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Examine how Shakespeare presents the female characters in 'Hamlet' and what the response of a modern day audience might be to this aspect of the play.

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Examine how Shakespeare presents the female characters in 'Hamlet' and what the response of a modern day audience might be to this aspect of the play. As 'Hamlet' was set in the Elizabethan period it is necessary to consider the portrayal of woman in the play as a comparison with women in a modern day society. Similarly to most literature written during this period, 'Hamlet' conveys women's lower status to men. This can be thought of as the stereotypical view in Elizabethan society. We know that women were not even able to act in plays and that young men had to play the parts of women. One of the main ways we may interpret the portrayal of woman is through the language, and in some cases stage directions of various characters, in various scenes. It may be true to say that the characters of Ophelia and Gertrude are portrayed as weak and submissive, this is seen by men as well as themselves. They can be seen to be merely driving factors of the play rather than main elements such as Hamlet. It may also be suggested that due to these facts, the play 'Hamlet' may be written differently if written today, in terms of language, in order to suit a modern day audience. It can be argued that the way Shakespeare has presented women, reflecting society in the Elizabethan period, may not be acceptable in today's society. One of the principle aspects to consider is how female characters are portrayed and therefore treated by others in the play. Ophelia is an interesting character, and it is important to explore her relationships, her language, and also her death prior to concluding her portrayal. ...read more.


However, even as Queen and mother, Gertrude similar to Ophelia, seems to find herself dominated by the male characters. Like Ophelia, Gertrude is also dominated by Hamlet. However, it must be noticed that unlike Ophelia's character, this domination and control does not affect Gertrude mentally, nor does it affect her actions. In addition, although his words to her are cruel, he holds a great deal of respect for her calling her Mother and "good lady". In the 'closet scene' Hamlet finally confronts his mother and we are able gain insight into their relationship. Gertrude attempts a motherly almost formal tone with Hamlet, scolding him for his disrespectful behaviour towards Claudius "Hamlet, you have thy father much offended". However, Hamlet instantaneously dominates the conversation refusing to let his mother scold him whilst criticising her for her betrayal of his father King Hamlet "Mother you have my father much offended". He almost intends to explain to her how she has done this "You are the Queen, your husbands brothers wife". He also continues to extend his feeling to all woman stating "frailty thy name is woman" possible to further explore Gertrude's relationship with Hamlet. As continued in Act 3 scene 4, Hamlet goes into additional detail of what he believes to be his mother's sexual crime. He says, "but to live in the rank sweat of an enseamed bed, stewed in corruption". The imagery used conveys a sexual relationship between Hamlet and his mother. Due to Shakespeare's use of minimal stage directions throughout the play, many actions and features of the characters are almost left uncertain, allowing directors to manipulate this to present other views. ...read more.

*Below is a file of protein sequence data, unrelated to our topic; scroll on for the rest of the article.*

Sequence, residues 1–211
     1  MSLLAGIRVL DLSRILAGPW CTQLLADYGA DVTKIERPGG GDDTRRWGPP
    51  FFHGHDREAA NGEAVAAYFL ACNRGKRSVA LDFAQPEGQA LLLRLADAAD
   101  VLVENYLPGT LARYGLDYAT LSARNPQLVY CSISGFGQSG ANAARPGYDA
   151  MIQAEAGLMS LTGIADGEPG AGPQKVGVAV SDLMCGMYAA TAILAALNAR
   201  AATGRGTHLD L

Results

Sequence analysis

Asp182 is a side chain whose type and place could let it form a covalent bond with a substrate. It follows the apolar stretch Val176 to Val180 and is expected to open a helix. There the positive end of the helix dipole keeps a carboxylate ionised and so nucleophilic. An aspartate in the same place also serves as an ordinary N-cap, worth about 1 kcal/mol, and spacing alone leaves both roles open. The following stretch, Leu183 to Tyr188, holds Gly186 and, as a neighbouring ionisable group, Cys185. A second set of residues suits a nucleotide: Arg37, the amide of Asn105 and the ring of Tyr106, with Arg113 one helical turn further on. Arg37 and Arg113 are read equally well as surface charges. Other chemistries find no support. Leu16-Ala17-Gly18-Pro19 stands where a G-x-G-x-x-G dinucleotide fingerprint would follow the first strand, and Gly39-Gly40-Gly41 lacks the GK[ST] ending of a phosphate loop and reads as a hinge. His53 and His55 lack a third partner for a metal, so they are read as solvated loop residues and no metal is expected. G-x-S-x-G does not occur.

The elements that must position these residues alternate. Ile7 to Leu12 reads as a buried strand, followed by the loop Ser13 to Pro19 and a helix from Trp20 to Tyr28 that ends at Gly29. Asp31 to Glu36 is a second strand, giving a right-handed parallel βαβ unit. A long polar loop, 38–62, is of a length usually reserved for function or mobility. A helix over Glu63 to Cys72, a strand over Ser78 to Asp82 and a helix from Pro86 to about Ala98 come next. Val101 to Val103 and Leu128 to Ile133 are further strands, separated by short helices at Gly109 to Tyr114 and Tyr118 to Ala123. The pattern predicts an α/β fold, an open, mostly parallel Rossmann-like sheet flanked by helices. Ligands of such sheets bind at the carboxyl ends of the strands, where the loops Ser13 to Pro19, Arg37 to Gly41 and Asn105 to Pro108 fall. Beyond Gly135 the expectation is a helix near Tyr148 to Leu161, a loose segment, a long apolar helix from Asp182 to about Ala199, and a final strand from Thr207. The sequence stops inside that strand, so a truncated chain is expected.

After he tells her not to drink from the cup she responds with "I will my lord, I pray you pardon me", showing even though she doesn't follow his order she shows the greatest respect for him, however, this leads to her death. It is interesting though that before she dies she feels she must explain how to Hamlet "the drink the drink, I am poisoned" In conclusion, I think Shakespeare has presented woman as the weaker sex and shown them to hide any dominating characteristics that they may have. If we were to consider this play in context with Elizabethan times, it becomes obvious to the reader that Shakespeare has presented this view to fit in with a Elizabethan audiences thinking and stereotypes, any other portrayal of woman would be thought of as abnormal to them. However, it is not possible to clearly state that a modern day audience would not have the same responses. I think that Gertrude's relationships, how she is treated by Hamlet, and indeed her sexual relationship with Hamlet would be thought of as outrageous by both audiences. As the incestuous desire between Ophelia and Laertes is subtle, it would not be looked at with disgust, and may dismiss it as brotherly love. I think that due to the language Elizabethan audiences would be more likely to pick up on the sexual terms. There are many areas, which I have explored in which Shakespeare presents women as weak and submissive. However, I think that most characteristics of Ophelia and Gertrude within the play are a mere reflection of women in the Elizabethan times. If this were not true, the play would be mocking woman of the Elizabethan times, and therefore watched more in terms of a comedy. ...read more.

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